My wife and I observe together and enjoy going to the Golden State and Oregon star parties. We setup a Webster D14 with f/4.3 Zambuto Mirror and ServoCAT-Nexus DSC with a TEC 140 on a DM6 and Planet tripod. I think this is a perfect combination. The TEC 140 is usually acclimated faster than the Webster and we start out the evening looking at the bright planets at dusk through the TEC 140. Once it is dark the Webster is ready. The TEC 140 is favored by my wife for its ease of use on the DM6 mount. We enjoy the bright DSOs, planets, double stars and wide field of view objects such as Veil or North America nebulas. It is also large enough to detect galaxy clusters. We enjoy the Webster for detecting the dimmer stuff or making the medium dim stuff brighter.
The machined DM6 and wider field of the refractor means we can alway land the eyepiece on the target with the Nexus DSC. Sometimes I have to hunt a little bit more or drop down to a wide field eyepiece when find targets in the Webster using the Nexus DSC. Both have 40K encoders. We use both with Sky Safari linked via wifi to the Nexus DSC on each setup. If I am going to really push magnifications on a night with excellent seeing, I will engage the ServoCAT so we can have tracking a 300+ powers.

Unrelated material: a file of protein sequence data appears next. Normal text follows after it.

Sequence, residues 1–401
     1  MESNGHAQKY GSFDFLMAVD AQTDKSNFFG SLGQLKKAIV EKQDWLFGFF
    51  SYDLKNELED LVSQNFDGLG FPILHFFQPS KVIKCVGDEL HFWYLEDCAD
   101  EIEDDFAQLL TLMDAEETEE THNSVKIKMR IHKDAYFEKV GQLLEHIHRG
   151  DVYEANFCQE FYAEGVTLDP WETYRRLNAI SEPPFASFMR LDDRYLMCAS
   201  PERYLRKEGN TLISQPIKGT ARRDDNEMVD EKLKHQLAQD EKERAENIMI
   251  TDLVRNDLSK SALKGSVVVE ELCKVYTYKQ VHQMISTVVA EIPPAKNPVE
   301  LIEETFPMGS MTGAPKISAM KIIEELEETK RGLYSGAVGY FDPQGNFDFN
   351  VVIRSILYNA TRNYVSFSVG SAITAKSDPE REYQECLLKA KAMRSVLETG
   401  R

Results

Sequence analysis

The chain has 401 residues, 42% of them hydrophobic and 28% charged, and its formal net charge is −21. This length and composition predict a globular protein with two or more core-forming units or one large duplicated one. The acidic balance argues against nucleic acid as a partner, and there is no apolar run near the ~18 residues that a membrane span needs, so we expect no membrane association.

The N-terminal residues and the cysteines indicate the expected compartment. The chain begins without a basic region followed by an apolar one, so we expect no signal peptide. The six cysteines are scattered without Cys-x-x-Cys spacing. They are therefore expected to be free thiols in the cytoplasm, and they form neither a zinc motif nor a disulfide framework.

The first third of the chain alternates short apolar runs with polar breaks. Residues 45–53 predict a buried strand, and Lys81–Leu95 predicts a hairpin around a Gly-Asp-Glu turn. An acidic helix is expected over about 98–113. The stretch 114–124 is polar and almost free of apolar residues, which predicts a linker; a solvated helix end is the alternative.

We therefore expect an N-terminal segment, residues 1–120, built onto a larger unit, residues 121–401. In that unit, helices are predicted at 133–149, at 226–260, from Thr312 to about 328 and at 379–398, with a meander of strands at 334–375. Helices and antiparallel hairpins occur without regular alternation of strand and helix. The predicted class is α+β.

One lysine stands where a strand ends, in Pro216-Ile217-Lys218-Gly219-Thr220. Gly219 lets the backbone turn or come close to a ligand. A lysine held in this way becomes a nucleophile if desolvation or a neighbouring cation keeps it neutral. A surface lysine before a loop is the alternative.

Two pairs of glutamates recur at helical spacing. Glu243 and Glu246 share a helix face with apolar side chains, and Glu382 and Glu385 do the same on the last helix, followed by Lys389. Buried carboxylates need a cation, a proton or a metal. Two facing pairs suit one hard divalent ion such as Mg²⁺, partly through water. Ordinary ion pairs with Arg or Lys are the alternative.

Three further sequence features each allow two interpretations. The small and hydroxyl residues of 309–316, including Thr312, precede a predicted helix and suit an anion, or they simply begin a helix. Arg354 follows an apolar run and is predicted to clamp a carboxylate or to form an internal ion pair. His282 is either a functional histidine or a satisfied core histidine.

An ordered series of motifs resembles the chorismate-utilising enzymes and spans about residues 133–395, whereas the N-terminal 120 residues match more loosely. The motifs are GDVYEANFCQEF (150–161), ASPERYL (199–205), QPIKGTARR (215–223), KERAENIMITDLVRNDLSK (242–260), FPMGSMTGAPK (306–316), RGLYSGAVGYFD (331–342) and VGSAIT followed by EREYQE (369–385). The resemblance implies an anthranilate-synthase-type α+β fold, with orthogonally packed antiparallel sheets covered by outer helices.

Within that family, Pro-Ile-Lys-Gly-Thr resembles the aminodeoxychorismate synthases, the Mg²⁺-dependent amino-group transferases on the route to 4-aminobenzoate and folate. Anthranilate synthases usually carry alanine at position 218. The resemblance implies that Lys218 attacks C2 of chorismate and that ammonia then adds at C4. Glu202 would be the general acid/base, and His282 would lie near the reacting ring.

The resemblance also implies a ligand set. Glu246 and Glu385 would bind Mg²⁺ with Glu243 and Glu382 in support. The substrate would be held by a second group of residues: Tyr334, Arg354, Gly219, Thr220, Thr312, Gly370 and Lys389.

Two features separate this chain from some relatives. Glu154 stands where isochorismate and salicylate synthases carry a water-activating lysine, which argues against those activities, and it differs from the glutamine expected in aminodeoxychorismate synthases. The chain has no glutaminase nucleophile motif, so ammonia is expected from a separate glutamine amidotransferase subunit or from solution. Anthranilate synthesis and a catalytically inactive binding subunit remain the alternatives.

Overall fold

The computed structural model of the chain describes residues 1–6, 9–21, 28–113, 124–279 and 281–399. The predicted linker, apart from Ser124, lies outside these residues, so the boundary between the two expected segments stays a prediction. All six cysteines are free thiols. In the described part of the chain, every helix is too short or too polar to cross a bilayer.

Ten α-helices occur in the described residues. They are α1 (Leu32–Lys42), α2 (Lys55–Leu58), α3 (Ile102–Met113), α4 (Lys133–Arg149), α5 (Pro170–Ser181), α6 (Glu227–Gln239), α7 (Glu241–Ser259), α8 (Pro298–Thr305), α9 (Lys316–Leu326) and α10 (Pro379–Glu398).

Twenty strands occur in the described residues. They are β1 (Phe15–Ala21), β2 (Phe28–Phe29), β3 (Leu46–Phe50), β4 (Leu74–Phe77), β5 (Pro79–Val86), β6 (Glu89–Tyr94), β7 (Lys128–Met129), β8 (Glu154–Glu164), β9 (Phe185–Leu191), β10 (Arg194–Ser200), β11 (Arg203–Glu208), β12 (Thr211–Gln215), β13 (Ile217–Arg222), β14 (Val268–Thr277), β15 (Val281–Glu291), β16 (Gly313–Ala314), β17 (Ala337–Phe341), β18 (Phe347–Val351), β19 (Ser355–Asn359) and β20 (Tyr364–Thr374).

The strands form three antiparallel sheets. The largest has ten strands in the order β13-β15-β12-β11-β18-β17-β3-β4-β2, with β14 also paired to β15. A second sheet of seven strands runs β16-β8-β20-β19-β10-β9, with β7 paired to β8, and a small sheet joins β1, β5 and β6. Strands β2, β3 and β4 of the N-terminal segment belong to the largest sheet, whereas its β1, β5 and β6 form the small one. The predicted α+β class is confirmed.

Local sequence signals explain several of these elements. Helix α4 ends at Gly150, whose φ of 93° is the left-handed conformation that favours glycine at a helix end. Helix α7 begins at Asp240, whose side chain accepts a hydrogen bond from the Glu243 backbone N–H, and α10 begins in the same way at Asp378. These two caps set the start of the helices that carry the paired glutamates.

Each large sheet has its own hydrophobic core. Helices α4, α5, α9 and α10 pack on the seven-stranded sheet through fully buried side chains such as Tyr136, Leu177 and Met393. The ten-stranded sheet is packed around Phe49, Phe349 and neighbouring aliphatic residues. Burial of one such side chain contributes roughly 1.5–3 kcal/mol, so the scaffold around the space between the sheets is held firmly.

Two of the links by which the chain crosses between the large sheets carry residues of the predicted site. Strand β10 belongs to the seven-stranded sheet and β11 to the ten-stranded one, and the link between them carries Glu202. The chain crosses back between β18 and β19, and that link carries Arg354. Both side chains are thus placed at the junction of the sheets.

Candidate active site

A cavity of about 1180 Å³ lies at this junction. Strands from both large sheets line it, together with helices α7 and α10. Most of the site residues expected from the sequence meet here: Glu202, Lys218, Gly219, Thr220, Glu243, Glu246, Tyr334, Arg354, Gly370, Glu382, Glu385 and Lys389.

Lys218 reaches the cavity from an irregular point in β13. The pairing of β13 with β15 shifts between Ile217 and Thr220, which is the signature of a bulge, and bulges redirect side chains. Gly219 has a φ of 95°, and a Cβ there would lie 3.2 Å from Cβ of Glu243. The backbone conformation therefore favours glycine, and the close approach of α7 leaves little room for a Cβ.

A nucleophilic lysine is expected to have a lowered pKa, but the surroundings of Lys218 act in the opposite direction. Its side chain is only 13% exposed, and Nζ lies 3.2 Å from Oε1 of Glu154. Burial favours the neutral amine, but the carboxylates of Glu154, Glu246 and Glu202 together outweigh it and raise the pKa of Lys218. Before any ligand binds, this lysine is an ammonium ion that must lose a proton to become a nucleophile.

I prefer viewing wider fields of view and double stars on the TEC 140. If we are only out for a shorter period or don't have as much room we just bring the TEC 140. If the sky is partly cloudy and the viewing time may be limited we stick with the TEC 140. We always bring both to star parties and enjoy comparing the views in each scope. I also like to setup our Lunt 100m 45 degree APO ED binoculars on a FTX tripod with Nexus DSC. It is fun using Panoptic 24mm in the Lunts and just cruising the dark skies.
So our opinion is it shouldn't be 14 inch dob vs 150mm refractor but both side by side shared with a friend or family.
Edited by JMW, 29 July 2018 - 12:09 AM.